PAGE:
4. Democrats are sensitive to accusations that the intent of the Obama administration is to bring about “socialized medicine.” Already Conservatives for Patients Rights, which has a $15 million budget, is hammering on this theme in TV and online ads featuring English and Canadian physicians bewailing care by bureaucrats and stressing freedom of choice and patients’ rights. Visions of people having to wait in long government lines for months and even years for access to MRIs and CT scans, mammograms, cancer treatment, and elective joint or heart surgeries frighten some Americans.

5. Fear of Medicare-for-all causing costs to spin out of control is a concern. This year the budget for Medicare and Medicaid passed the $1 trillion mark and now consumers 1/3 of the total budget. Bankruptcy may be less than five years away. Health costs show no signs of ebbing and there are no incentives for hospitals, doctors, patients, health plans, drug companies, and other suppliers to spend less. In Massachusetts, near universal coverage has produced a 32% increase in costs and a rush to expensive emergency rooms because people have had difficulty finding doctors.The only real alternatives for government are to somehow fix Medicare, pay doctors and hospitals less, or rationing care through comparative effectiveness tactics or paying only for “quality,” which are not so subtle forms of rationing.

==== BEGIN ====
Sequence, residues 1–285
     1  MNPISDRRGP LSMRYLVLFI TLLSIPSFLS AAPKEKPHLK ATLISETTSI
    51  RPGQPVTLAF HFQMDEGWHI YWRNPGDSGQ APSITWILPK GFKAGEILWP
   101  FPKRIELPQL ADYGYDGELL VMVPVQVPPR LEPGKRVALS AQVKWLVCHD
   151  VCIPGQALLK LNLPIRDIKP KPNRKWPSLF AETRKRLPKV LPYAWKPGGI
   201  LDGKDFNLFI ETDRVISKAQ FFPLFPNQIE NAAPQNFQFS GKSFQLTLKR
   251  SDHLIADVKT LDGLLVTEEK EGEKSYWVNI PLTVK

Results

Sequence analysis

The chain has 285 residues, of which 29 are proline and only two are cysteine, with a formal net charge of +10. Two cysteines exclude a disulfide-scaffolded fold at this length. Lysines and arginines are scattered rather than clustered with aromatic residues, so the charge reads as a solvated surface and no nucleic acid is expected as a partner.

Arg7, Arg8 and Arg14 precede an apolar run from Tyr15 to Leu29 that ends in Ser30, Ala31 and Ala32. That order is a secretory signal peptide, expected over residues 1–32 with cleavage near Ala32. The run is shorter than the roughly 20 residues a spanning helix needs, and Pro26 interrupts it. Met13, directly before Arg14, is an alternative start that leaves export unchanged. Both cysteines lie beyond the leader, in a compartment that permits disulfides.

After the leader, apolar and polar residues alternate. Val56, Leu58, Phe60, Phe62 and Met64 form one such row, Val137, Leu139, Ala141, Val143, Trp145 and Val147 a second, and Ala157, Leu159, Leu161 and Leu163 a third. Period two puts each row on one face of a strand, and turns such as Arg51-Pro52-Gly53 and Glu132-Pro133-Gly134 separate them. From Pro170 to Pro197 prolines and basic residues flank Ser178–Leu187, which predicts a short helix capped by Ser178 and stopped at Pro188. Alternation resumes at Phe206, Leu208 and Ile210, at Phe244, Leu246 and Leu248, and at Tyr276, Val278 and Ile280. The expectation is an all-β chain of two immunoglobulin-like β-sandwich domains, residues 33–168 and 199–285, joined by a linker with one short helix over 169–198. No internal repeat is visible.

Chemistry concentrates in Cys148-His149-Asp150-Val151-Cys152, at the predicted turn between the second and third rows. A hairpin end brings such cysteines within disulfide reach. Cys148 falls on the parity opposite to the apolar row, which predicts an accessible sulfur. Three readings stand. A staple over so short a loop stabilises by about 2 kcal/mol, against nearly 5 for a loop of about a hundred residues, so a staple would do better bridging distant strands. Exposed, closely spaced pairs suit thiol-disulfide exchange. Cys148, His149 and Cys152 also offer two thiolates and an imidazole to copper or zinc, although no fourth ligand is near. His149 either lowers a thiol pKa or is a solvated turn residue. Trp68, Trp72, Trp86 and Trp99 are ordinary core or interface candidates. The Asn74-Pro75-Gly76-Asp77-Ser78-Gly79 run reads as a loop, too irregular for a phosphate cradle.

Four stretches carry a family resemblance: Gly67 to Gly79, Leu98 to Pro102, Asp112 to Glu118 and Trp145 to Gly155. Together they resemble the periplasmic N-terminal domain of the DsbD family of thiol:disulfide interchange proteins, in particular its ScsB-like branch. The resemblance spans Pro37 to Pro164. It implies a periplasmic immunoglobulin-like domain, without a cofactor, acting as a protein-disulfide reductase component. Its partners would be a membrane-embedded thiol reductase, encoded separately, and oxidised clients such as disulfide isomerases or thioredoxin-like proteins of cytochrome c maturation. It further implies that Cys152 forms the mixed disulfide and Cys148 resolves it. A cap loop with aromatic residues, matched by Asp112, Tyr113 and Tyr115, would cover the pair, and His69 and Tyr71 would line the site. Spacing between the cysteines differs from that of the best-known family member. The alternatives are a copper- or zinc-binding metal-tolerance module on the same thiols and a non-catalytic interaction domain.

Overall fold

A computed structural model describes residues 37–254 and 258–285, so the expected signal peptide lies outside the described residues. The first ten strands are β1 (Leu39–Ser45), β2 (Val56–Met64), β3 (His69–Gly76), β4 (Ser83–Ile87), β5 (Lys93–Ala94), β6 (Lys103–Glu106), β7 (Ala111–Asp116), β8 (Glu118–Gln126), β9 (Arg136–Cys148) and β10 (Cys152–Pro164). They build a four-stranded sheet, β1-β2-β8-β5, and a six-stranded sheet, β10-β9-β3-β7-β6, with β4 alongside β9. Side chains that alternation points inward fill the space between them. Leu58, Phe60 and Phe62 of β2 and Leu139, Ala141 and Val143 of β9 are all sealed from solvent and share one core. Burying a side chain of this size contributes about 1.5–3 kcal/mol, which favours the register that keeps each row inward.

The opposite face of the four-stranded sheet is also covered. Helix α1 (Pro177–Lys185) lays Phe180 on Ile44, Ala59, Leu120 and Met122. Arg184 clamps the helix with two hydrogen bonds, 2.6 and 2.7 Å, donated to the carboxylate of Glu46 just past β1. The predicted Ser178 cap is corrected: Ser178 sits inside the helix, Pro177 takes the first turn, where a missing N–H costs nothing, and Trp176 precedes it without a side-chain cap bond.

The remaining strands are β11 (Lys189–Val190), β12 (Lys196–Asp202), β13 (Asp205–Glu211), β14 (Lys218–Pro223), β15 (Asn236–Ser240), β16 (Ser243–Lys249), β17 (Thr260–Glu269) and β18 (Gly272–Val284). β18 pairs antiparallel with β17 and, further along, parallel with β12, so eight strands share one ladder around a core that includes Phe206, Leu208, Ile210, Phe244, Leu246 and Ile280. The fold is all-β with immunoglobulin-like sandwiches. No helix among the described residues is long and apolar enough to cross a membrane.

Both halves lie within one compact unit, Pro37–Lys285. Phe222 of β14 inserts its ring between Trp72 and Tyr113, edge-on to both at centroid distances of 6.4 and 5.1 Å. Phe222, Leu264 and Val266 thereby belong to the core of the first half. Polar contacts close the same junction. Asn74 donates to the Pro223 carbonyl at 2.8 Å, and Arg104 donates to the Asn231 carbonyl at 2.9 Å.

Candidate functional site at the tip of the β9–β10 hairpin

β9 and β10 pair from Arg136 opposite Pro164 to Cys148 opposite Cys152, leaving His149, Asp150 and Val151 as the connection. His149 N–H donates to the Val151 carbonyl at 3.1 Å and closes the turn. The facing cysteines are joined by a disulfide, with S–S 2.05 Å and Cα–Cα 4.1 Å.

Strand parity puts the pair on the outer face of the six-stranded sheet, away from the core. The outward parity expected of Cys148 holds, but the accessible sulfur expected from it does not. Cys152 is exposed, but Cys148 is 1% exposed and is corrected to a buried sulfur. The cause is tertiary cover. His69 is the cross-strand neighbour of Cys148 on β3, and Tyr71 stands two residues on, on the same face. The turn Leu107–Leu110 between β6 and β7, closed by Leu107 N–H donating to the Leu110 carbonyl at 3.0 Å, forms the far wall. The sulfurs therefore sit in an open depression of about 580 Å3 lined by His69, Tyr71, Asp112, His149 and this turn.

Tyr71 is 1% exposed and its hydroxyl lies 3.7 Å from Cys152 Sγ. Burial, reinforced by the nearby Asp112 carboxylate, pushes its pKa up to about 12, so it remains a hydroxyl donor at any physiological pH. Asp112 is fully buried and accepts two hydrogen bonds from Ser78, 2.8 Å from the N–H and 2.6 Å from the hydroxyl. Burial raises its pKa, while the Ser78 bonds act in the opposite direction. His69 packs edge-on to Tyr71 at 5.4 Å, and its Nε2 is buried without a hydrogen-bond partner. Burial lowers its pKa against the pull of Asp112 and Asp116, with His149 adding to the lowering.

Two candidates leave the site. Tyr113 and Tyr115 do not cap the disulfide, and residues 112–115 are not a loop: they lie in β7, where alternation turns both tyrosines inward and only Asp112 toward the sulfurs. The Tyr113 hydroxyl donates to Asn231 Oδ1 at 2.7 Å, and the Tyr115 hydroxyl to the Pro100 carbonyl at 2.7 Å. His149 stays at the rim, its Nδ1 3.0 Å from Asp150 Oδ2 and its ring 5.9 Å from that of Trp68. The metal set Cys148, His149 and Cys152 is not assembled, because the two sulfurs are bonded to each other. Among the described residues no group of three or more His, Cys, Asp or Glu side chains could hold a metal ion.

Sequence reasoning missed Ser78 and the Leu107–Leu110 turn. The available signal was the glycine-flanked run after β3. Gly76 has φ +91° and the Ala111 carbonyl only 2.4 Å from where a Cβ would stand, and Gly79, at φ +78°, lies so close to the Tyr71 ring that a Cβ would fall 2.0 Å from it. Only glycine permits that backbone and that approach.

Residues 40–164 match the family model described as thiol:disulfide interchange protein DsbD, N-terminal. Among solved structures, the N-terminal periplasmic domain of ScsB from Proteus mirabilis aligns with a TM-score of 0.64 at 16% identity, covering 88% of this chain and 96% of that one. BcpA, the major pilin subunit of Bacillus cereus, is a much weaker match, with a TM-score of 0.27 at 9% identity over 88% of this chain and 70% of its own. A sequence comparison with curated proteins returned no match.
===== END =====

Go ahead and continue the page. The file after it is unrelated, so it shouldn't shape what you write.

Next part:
6. Six things may kill the deal. The Consensus Group has come out with a list of "6 Deal-Killers For National Health Reform." The group includes, health policy experts from the American Enterprise Institute, the Center for Medicine in the Public Interest, the Ethics and Public Policy Center, the Galen Institute, The Heritage Foundation, the Independence Institute, the Institute for Policy Innovation, the Institute for Research on the Economics of Taxation, the National Center for Policy Analysis, the Pacific Research Institute." The following six items might not kill a bill embodying what Obama asks for but they would certainly prolong the debate, probably until November.

The six “deal killers” with my guess for the odds for success are -

• A government-sponsored health insurance plan to compete with private plans: Odds, 40/60